As part of the effort to stop the spread of Ebola in West Africa, one of Claremont’s own is turning to the project that underlies our institutions: education.
Over the past 12 years, Claremont Graduate University psychology professor William Crano has been working with a volunteer-driven nonprofit health information organization called WiRED International. The organization was started by current executive director Dr. Gary Selnow, one of Crano’s former students, while Selnow was on a Fulbright fellowship. WiRED facilitates digital learning programs, or modules, with portable media that allow anyone to access relevant health information.
These modules, according to a WiRED release on Ebola shared with TSL by Crano, are interactive learning tools that use simple, straightforward language and infographics to teach the cause, prevention and treatment of an illness such as Ebola. Crano said that WiRED will release a new Ebola module geared toward school children by the end of this week and another one for health care workers about a week afterward.
According to the World Health Organization (WHO), the Ebola virus disease first appeared in 1976 in Sudan and the Democratic Republic of Congo. The outbreak in West Africa that began in March has led to a reported 4,877 deaths, according to a situation report released by the WHO on Wednesday.
The countries most severely affected by Ebola—Guinea, Sierra Leone and Liberia—lack the human and infrastructural resources that could educate the public and help prevent the spread of deadly diseases.
“People in the affected areas need more information, presented in an easily understandable form, to stop the spread of the disease,” Selnow wrote in the WiRED release.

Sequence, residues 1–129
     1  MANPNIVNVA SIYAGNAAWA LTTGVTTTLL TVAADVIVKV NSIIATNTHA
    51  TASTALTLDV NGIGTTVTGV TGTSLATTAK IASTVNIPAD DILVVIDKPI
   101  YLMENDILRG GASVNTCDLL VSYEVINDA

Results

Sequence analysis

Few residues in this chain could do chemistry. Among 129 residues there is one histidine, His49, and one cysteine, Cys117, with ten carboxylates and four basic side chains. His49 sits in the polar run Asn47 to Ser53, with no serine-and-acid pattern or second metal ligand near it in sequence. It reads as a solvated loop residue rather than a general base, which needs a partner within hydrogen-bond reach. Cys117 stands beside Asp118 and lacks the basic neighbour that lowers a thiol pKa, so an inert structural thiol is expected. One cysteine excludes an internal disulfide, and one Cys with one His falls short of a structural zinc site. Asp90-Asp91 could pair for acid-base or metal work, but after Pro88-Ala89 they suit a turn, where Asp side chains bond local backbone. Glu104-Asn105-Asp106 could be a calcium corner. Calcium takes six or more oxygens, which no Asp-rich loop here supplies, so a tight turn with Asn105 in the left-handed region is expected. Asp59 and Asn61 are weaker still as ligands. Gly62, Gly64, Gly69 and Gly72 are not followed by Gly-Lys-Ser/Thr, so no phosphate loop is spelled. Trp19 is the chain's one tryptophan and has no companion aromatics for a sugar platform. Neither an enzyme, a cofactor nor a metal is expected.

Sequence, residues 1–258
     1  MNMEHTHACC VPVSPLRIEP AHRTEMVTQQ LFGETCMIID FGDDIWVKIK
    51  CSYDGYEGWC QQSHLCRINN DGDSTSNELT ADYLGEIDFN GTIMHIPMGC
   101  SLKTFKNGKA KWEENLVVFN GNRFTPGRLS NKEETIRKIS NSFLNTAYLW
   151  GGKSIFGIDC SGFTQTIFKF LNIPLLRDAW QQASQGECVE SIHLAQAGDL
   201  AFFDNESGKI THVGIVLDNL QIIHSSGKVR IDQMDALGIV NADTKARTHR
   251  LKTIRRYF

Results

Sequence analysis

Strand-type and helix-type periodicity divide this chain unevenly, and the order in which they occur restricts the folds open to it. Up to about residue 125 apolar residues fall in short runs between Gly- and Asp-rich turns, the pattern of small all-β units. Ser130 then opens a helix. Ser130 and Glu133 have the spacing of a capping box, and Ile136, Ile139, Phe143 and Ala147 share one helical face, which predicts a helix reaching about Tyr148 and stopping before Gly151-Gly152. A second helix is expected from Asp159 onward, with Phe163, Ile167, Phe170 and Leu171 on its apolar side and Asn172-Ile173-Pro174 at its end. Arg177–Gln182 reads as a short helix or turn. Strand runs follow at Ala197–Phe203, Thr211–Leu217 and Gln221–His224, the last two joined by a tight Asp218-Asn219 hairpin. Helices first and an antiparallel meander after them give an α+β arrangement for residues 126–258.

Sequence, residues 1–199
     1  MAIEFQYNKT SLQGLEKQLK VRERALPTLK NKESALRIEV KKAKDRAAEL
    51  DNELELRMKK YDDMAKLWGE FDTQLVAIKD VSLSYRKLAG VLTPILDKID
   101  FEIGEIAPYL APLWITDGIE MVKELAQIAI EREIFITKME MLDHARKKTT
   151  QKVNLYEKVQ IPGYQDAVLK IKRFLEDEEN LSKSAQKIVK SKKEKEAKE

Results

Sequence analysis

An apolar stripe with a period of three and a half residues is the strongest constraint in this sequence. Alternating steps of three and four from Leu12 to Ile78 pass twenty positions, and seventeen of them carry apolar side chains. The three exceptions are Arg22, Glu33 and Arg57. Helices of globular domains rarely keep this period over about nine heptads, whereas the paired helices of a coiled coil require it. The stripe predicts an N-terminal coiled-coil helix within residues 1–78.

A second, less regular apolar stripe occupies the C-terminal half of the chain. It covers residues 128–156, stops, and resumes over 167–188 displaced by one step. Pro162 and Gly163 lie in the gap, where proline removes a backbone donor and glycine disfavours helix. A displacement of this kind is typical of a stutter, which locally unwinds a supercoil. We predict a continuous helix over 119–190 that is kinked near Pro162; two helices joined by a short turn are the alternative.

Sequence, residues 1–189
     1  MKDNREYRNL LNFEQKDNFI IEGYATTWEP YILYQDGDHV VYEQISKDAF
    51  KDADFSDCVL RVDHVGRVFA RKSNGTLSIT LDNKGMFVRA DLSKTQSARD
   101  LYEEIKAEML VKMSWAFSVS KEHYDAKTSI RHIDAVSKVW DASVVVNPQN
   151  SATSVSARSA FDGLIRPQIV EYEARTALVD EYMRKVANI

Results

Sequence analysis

According to the WHO’s situation report, Ebola cases in the United States are all contained and monitored, but Crano pointed out that in some countries, particularly in West Africa, the infrastructure makes it very difficult to prevent the spread.
“The world that’s out there really needs help too, and that’s really what we’re focusing on,” Crano said.
Modules are developed, peer-reviewed and evaluated by an array of medical experts and technicians. Once complete, the modules are available free of charge on WiRED’s website.
Crano said that part of evaluating a module consists of executing experimental tests by randomly assigning a group of individuals to either a module or control condition and then reconvening with those individuals about a week or two later to test whether they have retained the information.
Modules have a self-test element that keeps participants aware of how they score on a certain topic, such as Ebola. Crano added that modules are translated into communities’ respective languages.
Dr. Suellen Crano, Crano’s wife and a member of WiRED’s governing board, offered an example of the organization’s impact on individual lives.
“One of the first places that we got into was in Kenya,” she said. “Some of the kids from the early days who didn’t know what a computer was or even spoke English are now studying IT [Information Technology] and medicine based on their experience with our program.”
WiRED’s philosophy of education is similar to that of the Claremont Colleges chapter of MedLife. As stated on its website, MedLife is a non-governmental, non-profit organization that seeks to improve the health and welfare of communities in poverty by delivering aid through medicine, education and community development. MedLife delivers primary care services through Mobile Clinics, hosts educational programs on relevant health topics and develops community projects.
Johnny Le PO ’16, president of the Claremont chapter, said that although MedLife does not work in the areas affected by Ebola, the organization also believes in taking an educational approach to communities.
“There’s only so much we can do, and in the end, it is up to that community to take what they have asked for us to bring and then build themselves,” he said.
Additionally, Crano said that WiRED is investing time into a social media campaign to inform more people about this resource.
“Being aware of the work that Dr. Crano is doing makes me very happy,” Le said. “I very much believe in the role of education.”